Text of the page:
Taro Sago

A classic Asian dessert recipe that is best served cold in the summer. 

taro sago


Difficulty: Medium
Time: 1 hr

Ingredients: (12 servings)
2 cups diced taro
1 3/4 cup (14 oz) tapioca
1/2 cup sugar
400 ml coconut milk or 2 cups milk


Taro base:

  1. In a medium pot, add diced taro and water that is the eighth height of taro height. Cook on medium heat until boil, then cover and continue to cook on low heat for about 15 minutes or until taro is tender.
  2. Remove pot from heat and add sugar. Smash taro into a smooth texture. It is best to leave some chunks to compete with chewiness of tapioca. 


  1. In another medium pot, add water and cook until boil. Add tapioca and cook until it boils again. Once it boils, turn off the heat and cover for 10 minutes or till there is no longer white in the center of the tapioca.
  2.  Scoop up all of the tapioca and put them in ice water to cool down. 

3. Add tapioca, coconut milk into taro base. Serve immediately.

Surprisingly, tapioca won't grow even if it is put in the water for too long. (But best advice is to serve immediately, and store only for one to two days) This morning, I was in a hurry and I left tapioca in the water for almost 5 hours. When I got back home, I thought it would grow to the size that is same as the tapioca in Taiwanese bubble tea. Thankfully, it didn't. Phew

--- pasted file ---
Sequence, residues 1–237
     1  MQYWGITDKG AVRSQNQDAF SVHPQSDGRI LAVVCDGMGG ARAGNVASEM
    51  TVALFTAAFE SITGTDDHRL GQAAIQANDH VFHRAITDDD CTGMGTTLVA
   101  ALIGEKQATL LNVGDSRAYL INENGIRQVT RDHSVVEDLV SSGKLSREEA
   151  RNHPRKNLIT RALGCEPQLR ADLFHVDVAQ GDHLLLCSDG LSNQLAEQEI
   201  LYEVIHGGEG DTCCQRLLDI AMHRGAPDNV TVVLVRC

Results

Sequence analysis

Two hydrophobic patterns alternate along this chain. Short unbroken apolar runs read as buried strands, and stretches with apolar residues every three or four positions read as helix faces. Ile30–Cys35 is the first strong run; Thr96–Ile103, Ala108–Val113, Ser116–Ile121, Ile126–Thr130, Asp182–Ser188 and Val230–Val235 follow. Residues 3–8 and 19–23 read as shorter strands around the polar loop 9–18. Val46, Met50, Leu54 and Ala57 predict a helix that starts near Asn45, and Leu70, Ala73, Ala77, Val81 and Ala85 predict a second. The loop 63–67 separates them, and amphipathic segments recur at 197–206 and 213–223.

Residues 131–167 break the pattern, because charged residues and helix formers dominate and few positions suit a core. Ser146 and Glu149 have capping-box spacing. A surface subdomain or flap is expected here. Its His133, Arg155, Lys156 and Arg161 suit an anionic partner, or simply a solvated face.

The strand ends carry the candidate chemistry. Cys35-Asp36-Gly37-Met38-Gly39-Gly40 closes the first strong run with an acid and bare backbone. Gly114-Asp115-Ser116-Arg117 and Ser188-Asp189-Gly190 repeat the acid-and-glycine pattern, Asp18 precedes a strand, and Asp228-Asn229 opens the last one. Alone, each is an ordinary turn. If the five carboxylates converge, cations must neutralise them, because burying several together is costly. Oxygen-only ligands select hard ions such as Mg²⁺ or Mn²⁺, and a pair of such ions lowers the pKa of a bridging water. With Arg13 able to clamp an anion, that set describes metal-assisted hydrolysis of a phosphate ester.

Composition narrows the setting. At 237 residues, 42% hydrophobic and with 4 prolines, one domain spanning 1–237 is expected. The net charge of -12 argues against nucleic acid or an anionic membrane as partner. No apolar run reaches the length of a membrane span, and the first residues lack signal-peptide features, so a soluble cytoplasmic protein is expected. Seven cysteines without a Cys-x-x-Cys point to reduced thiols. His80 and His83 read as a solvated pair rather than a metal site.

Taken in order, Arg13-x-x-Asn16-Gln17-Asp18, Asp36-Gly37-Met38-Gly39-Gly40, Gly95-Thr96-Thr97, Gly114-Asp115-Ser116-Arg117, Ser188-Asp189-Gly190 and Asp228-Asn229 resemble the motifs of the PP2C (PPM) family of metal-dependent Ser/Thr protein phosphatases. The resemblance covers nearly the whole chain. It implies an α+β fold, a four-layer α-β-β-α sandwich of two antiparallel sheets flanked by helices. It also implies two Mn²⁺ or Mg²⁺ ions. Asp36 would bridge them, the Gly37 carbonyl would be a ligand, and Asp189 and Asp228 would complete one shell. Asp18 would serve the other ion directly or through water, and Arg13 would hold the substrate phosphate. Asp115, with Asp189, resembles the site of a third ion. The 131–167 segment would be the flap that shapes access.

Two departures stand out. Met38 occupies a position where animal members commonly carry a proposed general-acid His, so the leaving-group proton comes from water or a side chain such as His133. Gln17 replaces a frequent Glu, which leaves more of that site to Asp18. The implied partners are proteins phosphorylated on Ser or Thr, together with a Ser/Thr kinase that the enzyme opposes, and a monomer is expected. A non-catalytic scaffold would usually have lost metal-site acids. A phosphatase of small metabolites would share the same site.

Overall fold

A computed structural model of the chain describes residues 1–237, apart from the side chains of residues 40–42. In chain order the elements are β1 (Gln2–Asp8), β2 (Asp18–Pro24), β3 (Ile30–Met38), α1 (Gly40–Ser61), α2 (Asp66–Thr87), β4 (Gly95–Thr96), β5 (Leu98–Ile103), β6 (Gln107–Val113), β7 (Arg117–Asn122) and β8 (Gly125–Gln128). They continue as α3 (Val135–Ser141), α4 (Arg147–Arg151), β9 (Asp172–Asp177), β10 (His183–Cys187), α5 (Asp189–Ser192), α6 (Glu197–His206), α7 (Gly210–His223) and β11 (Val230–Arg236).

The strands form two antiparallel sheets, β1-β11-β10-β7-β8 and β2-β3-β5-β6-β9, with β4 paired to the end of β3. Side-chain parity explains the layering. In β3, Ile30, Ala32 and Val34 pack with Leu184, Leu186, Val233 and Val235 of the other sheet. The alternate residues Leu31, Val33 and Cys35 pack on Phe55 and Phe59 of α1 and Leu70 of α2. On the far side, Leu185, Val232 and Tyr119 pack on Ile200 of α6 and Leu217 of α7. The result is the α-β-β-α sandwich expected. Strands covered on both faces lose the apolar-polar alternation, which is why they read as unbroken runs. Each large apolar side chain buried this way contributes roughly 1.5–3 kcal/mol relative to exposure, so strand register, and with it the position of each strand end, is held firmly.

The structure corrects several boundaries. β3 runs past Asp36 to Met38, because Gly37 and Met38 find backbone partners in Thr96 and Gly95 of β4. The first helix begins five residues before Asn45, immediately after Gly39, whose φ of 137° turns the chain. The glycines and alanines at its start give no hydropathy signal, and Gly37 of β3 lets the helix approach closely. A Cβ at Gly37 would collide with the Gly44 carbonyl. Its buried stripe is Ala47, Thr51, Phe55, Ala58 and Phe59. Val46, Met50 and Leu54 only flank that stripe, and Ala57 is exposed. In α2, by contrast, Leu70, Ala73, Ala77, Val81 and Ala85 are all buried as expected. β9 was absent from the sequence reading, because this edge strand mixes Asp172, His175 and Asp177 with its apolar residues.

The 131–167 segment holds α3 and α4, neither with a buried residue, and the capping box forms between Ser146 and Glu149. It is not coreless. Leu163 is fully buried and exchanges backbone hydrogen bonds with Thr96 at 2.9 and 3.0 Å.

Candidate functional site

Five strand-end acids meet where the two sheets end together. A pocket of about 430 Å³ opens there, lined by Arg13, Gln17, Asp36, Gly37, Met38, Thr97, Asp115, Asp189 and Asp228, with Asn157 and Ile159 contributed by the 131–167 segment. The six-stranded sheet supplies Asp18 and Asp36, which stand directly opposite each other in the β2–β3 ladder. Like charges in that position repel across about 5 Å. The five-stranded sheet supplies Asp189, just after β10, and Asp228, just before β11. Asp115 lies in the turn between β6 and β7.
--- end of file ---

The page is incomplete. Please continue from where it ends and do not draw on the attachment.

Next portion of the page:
The secret weapon that makes tapioca chewy is ice water! You know how in medieval time when working with metal weapons require the repeating process of temperature changes? While the material is heated, put it in the ice water right away will make the bond of molecules stronger. It is the similar idea when making tapioca. You will see a huge difference if you try to cook tapioca without iced it. Same goes to cooking dumplings. It is crucial to add three cups of water separately, and water has to bring up to a boil each time before you put in another cup. 

Do you know any other recipe that requires similar process?

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